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In approaching the consideration of the subject of fœticide we are at the outset confronted by two facts, both of which possess an important significance. We first note that the highest crime—from some standpoints at least—of which criminal humanity is capable, and whose prevalence doubtless exceeds the highest estimate, is of no more judicial importance, in either treatise or statute, than when the evil was scarcely known, and motherhood was everywhere the crowning glory of woman. The second fact is little less an anomaly: that in the presence and despite the elevation, culture, refinement and, more than all else, the religious training and influences operating upon and in modern social life, that in the class of society making in all these respects the highest claims, this vice has developed, the enormity and extent of which is but feebly recognized outside the medical profession.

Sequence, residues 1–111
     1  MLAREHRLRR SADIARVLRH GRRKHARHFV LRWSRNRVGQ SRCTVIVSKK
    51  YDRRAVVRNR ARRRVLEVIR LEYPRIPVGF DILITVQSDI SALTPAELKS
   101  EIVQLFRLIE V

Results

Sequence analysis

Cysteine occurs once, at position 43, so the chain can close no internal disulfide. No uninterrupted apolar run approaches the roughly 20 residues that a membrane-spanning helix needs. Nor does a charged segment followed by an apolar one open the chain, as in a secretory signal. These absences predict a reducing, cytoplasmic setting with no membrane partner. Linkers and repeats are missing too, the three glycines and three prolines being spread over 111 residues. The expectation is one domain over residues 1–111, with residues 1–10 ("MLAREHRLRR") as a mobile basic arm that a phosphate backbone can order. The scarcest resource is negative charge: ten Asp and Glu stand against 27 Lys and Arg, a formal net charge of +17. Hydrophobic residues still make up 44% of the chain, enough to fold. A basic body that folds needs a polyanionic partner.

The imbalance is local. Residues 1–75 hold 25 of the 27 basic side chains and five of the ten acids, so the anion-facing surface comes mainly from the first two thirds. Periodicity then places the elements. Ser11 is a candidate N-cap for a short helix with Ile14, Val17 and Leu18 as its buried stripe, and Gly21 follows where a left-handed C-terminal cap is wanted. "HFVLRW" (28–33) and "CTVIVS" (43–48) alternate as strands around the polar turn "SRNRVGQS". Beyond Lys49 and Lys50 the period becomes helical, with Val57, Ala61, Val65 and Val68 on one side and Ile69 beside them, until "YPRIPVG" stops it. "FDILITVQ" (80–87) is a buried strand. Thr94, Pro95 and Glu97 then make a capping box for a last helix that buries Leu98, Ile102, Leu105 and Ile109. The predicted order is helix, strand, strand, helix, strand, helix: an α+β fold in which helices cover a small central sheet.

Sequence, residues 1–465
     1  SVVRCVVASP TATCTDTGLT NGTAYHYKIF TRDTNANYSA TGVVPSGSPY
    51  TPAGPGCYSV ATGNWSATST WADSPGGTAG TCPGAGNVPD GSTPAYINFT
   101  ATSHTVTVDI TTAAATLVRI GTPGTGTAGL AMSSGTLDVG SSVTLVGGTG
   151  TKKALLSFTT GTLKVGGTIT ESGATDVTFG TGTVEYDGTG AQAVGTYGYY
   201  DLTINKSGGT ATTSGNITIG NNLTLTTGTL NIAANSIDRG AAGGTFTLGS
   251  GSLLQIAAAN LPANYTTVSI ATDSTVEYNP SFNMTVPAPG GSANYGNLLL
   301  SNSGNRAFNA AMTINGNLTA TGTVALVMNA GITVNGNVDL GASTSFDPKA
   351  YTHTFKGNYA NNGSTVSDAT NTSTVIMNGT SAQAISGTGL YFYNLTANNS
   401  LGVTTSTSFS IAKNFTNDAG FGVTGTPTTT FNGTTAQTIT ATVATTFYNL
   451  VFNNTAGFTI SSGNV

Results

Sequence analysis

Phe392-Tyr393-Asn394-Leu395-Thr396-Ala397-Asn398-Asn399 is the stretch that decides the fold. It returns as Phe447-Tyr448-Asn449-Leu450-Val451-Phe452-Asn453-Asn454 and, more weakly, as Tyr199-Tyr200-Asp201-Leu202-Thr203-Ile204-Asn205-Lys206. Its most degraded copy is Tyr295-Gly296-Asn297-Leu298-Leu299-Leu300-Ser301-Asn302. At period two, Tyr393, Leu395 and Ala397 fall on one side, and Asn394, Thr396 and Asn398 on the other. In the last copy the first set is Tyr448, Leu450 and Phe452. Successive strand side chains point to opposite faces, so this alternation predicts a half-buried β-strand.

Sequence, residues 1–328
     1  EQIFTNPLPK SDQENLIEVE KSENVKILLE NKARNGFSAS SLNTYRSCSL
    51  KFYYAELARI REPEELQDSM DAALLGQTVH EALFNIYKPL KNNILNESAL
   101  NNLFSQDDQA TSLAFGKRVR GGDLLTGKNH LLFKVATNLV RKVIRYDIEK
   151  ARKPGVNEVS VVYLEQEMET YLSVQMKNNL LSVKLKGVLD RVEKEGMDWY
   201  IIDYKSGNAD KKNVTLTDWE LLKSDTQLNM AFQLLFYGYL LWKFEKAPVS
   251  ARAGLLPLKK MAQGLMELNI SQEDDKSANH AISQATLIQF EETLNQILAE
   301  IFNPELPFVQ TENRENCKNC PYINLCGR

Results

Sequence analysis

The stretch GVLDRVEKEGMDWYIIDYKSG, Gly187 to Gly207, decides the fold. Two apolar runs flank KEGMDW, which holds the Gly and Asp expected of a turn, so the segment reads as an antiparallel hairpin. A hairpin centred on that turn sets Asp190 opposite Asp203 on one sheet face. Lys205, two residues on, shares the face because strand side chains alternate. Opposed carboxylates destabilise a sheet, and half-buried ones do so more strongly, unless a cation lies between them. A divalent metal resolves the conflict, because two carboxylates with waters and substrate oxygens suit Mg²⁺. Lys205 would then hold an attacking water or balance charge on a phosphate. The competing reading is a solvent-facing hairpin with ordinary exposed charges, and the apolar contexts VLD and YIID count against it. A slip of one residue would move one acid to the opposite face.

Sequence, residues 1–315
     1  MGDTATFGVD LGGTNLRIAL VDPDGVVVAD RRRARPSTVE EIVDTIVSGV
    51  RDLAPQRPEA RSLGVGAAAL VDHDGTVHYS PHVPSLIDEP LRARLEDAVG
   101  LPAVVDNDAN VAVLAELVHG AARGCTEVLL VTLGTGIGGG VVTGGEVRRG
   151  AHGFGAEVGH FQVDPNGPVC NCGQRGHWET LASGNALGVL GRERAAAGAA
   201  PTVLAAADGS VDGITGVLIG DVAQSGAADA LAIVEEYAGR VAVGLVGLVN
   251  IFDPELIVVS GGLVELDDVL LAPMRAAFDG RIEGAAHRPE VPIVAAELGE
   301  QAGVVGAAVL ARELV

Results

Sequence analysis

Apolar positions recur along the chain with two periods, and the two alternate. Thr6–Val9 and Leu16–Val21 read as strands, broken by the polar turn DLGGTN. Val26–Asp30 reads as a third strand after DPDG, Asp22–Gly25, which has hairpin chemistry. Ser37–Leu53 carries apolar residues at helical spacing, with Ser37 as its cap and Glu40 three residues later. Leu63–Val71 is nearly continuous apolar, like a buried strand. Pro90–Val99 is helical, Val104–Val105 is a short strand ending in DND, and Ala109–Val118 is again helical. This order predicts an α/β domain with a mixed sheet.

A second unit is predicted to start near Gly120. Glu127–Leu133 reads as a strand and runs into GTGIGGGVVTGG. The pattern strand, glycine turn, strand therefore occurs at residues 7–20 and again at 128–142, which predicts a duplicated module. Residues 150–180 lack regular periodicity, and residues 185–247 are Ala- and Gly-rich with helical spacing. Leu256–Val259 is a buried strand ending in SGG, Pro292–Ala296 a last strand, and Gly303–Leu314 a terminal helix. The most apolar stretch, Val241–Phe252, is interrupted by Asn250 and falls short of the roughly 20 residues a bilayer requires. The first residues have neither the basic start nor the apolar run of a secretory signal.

As aiding our purpose, which is that
MARKHAM HC. FŒTICIDE AND ITS PREVENTION.Read in the Section on Medical Jurisprudence, at the Thirty-ninth Annual Meeting of the American Medical Association, May, 1888.. JAMA. 1888;XI(23):805–806. doi:10.1001/jama.1888.02400740013001b
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